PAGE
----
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Computer & Electronic Products

We next consider job losses in computer and electronic product manufacturing (NAICS 334).  Here we find a large, diverse, and important assortment of electronic products, including:

  • Computers including mainframes, super computers, and servers, personal computers, workstations, and smart handheld devices; computer storage devices, computer terminals and other peripheral equipment, and telephone switching and carrier line equipment; alarm systems; televisions, speakers, and other consumer and automotive audio and video equipment;
  • Integrated circuit packages and other semiconductor devices, circuit boards and assemblies, and capacitors, resistors, transformers, and other electronic components;
  • Electro-medical diagnostic, therapeutic, and monitoring equipment, Ionizing radiation equipment, search, detection, navigation, and guidance systems and equipment, and aeronautical, nautical, and navigational instruments; metering, counting, and electricity measuring devices, analytical laboratory instruments, watches, clocks and parts, and other measuring and controlling devices; magnetic and optical recording media, and software and recording media reproduction.

Factories in these industries, which employed 1,940,000 workers at the beginning of 1990, employed an average 1,057,517 in 2014.  The following figure and chart illustrate those job losses:

After a dip following the 1990-91 recession, we see a steady increase through the economic expansion of the 1990s, to twin peaks of 1.8 million jobs in 1998 and 2000.  Following is a precipitous drop beginning after 2000, coincident with the 2001 recession and the granting of permanent most favored nation status and WTO membership to China, and a gradual decline from 2003 through 2008.   The rate of loss accelerates through the Great Recession, followed by a shallower decline to a low of 1,050,517 jobs in 2014,

Key Finding:

Between 2000 and 2014, the computer and electronic product manufacturing industry[i] shed nearly half of its jobs: a 46% decline in employment, some 890,000 jobs in all


GO TO Group 9.


[i] Industries in the Computer and Electronic Product Manufacturing subsector group establishments that manufacture computers, computer peripherals, communications equipment, and similar electronic products, and establishments that manufacture components for such products. The Computer and Electronic Product Manufacturing industries have been combined in the hierarchy of NAICS because of the economic significance they have attained. Their rapid growth suggests that they will become even more important to the economies of all three North American countries in the future, and in addition their manufacturing processes are fundamentally different from the manufacturing processes of other machinery and equipment. The design and use of integrated circuits and the application of highly specialized miniaturization technologies are common elements in the production technologies of the computer and electronic subsector.  The computer and electronic product manufacturing subsector consists of these industry groups: Computer and Peripheral Equipment Manufacturing (NAICS 3341); Communications Equipment Manufacturing (NAICS 3342); Audio and Video Equipment Manufacturing (NAICS 3343); Semiconductor and Other Electronic Component Manufacturing (NAICS 3344); Navigational, Measuring, Electro-medical, and Control Instruments Manufacturing (NAICS 3345); and Manufacturing and Reproducing Magnetic and Optical Media (NAICS 3346).  North American Industry Classification System, published at]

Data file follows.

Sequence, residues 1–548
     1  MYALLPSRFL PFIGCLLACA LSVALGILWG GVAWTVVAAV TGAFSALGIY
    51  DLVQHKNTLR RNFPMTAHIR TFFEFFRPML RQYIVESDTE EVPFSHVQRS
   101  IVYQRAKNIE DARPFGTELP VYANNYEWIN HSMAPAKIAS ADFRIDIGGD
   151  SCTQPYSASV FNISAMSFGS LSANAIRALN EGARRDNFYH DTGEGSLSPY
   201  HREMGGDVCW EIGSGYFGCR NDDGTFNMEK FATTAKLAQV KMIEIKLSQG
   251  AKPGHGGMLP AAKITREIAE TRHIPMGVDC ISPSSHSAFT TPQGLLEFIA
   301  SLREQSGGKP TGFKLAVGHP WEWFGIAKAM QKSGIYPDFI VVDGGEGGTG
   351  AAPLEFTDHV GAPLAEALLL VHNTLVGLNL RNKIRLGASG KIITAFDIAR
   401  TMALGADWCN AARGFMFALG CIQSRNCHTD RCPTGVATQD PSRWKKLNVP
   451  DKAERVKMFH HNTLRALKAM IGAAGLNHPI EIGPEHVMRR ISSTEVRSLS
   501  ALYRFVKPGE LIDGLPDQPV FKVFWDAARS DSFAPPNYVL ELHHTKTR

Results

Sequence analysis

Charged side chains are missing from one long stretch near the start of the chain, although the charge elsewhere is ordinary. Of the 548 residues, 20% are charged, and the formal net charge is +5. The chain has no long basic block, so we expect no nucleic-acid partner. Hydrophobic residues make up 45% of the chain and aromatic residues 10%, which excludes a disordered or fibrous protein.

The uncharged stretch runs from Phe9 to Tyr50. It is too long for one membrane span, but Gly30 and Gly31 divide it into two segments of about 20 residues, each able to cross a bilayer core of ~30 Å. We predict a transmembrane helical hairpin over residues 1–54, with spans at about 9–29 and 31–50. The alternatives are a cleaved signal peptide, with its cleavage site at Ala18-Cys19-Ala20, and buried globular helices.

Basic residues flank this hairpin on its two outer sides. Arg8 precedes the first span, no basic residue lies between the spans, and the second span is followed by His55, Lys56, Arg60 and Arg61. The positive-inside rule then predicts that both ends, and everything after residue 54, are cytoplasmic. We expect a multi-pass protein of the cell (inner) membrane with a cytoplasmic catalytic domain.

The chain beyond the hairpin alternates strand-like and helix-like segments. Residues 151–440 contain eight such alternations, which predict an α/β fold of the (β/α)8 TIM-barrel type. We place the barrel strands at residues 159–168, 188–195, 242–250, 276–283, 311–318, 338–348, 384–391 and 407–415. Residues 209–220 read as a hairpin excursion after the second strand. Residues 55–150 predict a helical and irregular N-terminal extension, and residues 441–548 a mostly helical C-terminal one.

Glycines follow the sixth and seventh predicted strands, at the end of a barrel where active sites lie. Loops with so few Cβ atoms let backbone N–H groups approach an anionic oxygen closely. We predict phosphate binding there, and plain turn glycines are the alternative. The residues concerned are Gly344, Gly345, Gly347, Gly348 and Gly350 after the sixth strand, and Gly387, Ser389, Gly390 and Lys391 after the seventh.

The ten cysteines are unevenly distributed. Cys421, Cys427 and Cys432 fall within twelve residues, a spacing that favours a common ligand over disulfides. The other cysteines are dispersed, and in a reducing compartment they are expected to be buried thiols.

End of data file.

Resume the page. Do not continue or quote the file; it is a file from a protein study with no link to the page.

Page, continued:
News and Events

May 15, 2014, Ontario, CA - MIAA's founder, Jim Stuber, delivered the keynote address at the 20th annual World Trade Conference sponsored by the U.S. Department of Commerce and the California Inland Empire District Export Council in Ontario, California.  To view the conference agenda, click here:

New file download

May 7, 2015, Radnor, PA.  MIAA's founder, Jim Stuber, appeared as the guest of host Richard J. Anthony, Sr. on The Entrepreneur's Network TV at Radnor Studio 21.  The program featured a discussion of the problems caused by offshoring manufacturing and white collar jobs and how consmers can solve the problem with their spending decisions. 

Studio 21 has made the program available for viewing here:

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